Asian Pacific American Heritage Month celebrates a diverse tapestry of histories, cultures, languages, and experiences. It is a celebration that encourages exploration and learning about a multitude of Asian cultures, from the traditions of ancient civilizations to the contemporary experiences of Asian communities in the United States today.
In this context, it’s crucial to acknowledge the individual and collective contributions of Asian Americans and Pacific Islanders. This group includes a wide range of influential and inspiring figures like Dalip Singh Saund, the first Asian American elected to Congress; Ellison Onizuka, the first Asian American astronaut; Patsy Mink, the first woman of color and the first Asian American woman elected to Congress; and Yo-Yo Ma, a renowned cellist and a recipient of the Presidential Medal of Freedom, among countless others.
What Countries are Included in Asian Pacific American Heritage Month?
Asian Pacific American Heritage Month encompasses all of the Asian continent and the Pacific islands of Melanesia (New Guinea, New Caledonia, Vanuatu, Fiji, and the Solomon Islands), Micronesia (Marianas, Guam, Wake Island, Palau, Marshall Islands, Kiribati, Nauru, and the Federated States of Micronesia), and Polynesia (New Zealand, Hawaiian Islands, Rotuma, Midway Islands, Samoa, American Samoa, Tonga, Tuvalu, Cook Islands, French Polynesia, and Easter Island).
The term Asian Pacific American includes more than 50 ethnic groups, representing a vast array of languages, historical periods, religions, cuisines, and cultural practices. This group includes, but is not limited to, individuals of Chinese, Filipino, Indian, Vietnamese, Korean, Japanese, Hawaiian, and Pacific Islander descent.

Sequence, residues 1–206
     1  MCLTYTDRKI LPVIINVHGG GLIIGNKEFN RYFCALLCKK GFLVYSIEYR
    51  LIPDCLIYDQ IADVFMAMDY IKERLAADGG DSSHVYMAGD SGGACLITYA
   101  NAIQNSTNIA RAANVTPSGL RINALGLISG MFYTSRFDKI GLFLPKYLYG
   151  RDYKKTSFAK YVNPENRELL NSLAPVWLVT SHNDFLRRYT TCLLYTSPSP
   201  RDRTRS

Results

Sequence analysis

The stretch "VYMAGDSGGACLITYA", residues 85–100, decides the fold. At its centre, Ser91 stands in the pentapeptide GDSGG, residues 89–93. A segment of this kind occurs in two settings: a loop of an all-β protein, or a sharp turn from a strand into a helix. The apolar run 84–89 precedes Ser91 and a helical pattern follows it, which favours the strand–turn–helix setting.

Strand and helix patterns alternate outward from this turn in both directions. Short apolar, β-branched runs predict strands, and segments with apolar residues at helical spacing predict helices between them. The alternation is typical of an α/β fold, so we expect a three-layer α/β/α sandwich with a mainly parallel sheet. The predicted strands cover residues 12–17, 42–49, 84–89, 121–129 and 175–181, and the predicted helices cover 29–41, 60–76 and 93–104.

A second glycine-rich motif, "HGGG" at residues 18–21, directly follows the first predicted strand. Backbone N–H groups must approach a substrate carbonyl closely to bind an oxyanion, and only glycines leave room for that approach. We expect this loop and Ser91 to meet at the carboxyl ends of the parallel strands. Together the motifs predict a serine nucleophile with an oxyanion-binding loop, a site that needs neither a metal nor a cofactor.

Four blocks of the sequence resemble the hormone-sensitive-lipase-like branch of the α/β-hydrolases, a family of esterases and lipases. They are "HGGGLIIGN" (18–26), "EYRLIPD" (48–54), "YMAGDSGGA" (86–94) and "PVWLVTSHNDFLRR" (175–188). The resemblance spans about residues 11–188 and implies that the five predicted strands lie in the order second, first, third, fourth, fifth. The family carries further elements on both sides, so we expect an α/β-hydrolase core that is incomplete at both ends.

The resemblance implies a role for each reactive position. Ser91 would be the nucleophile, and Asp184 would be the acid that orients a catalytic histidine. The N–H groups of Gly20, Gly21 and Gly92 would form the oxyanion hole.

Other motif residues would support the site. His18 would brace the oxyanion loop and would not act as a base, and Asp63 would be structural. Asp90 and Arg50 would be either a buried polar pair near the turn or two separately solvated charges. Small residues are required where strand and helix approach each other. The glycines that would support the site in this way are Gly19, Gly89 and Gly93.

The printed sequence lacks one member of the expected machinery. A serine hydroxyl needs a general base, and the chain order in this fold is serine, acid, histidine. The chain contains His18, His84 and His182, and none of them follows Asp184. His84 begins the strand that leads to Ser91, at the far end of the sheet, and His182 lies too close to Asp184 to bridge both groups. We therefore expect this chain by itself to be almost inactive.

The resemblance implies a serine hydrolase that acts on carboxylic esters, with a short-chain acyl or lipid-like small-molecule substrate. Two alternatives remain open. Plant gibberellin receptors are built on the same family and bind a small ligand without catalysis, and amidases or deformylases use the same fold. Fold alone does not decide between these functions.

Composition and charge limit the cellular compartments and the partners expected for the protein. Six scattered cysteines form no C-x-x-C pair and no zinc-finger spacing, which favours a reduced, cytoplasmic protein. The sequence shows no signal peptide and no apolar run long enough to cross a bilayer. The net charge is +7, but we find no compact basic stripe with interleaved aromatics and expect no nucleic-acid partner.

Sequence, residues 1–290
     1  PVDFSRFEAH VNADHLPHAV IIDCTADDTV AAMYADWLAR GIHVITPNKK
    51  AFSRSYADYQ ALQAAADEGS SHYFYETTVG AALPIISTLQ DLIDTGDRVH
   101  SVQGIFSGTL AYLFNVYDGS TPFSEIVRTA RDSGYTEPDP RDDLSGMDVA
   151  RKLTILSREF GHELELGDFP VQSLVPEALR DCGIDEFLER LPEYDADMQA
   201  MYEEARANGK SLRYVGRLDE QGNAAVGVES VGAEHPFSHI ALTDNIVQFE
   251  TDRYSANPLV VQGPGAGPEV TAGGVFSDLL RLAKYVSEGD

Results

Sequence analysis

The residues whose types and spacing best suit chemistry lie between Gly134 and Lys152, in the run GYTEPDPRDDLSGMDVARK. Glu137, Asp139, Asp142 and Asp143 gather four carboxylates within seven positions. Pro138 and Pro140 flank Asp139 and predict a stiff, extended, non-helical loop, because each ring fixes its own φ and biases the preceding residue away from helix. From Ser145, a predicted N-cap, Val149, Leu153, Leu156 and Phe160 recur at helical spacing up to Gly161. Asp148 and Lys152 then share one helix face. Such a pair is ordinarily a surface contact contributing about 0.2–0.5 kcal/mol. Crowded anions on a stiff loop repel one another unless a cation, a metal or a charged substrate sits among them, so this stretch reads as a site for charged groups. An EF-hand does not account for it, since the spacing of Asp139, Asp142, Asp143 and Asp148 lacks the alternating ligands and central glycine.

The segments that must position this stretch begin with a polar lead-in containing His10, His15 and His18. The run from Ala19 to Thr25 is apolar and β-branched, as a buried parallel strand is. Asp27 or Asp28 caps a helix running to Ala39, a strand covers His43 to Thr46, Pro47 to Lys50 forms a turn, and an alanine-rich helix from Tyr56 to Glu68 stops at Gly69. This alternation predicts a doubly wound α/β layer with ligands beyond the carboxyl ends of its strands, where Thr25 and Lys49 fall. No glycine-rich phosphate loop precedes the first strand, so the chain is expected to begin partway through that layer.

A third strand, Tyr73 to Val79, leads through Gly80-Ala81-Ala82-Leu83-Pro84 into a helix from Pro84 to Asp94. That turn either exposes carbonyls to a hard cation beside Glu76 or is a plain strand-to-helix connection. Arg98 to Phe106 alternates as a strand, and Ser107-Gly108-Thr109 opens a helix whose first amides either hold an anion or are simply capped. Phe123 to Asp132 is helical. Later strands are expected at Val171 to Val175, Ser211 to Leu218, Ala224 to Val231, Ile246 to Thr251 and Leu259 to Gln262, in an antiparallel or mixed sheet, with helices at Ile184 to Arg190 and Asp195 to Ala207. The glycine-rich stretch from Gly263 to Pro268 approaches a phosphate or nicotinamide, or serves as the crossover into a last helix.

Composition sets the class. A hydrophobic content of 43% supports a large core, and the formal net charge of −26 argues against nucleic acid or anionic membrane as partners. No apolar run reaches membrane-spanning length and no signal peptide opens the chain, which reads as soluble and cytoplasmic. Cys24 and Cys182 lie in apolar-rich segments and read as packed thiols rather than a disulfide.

Asian Pacific American Heritage Month is a time to recognize and celebrate the rich histories, diverse cultures, and notable contributions of Asian Americans and Pacific Islanders. It serves as a reminder of the trials and hardships they have overcome, the accomplishments they have achieved, and the invaluable role they continue to play in shaping the nation’s social, economic, and political landscape. It offers an opportunity to promote understanding, to challenge stereotypes, and to champion the voices, stories, and experiences of the AAPI community. It is a celebration of the past, a recognition of the present, and an anticipation of the future – a future that continues to be enriched and shaped by the diverse and dynamic experiences of Asian Americans and Pacific Islanders.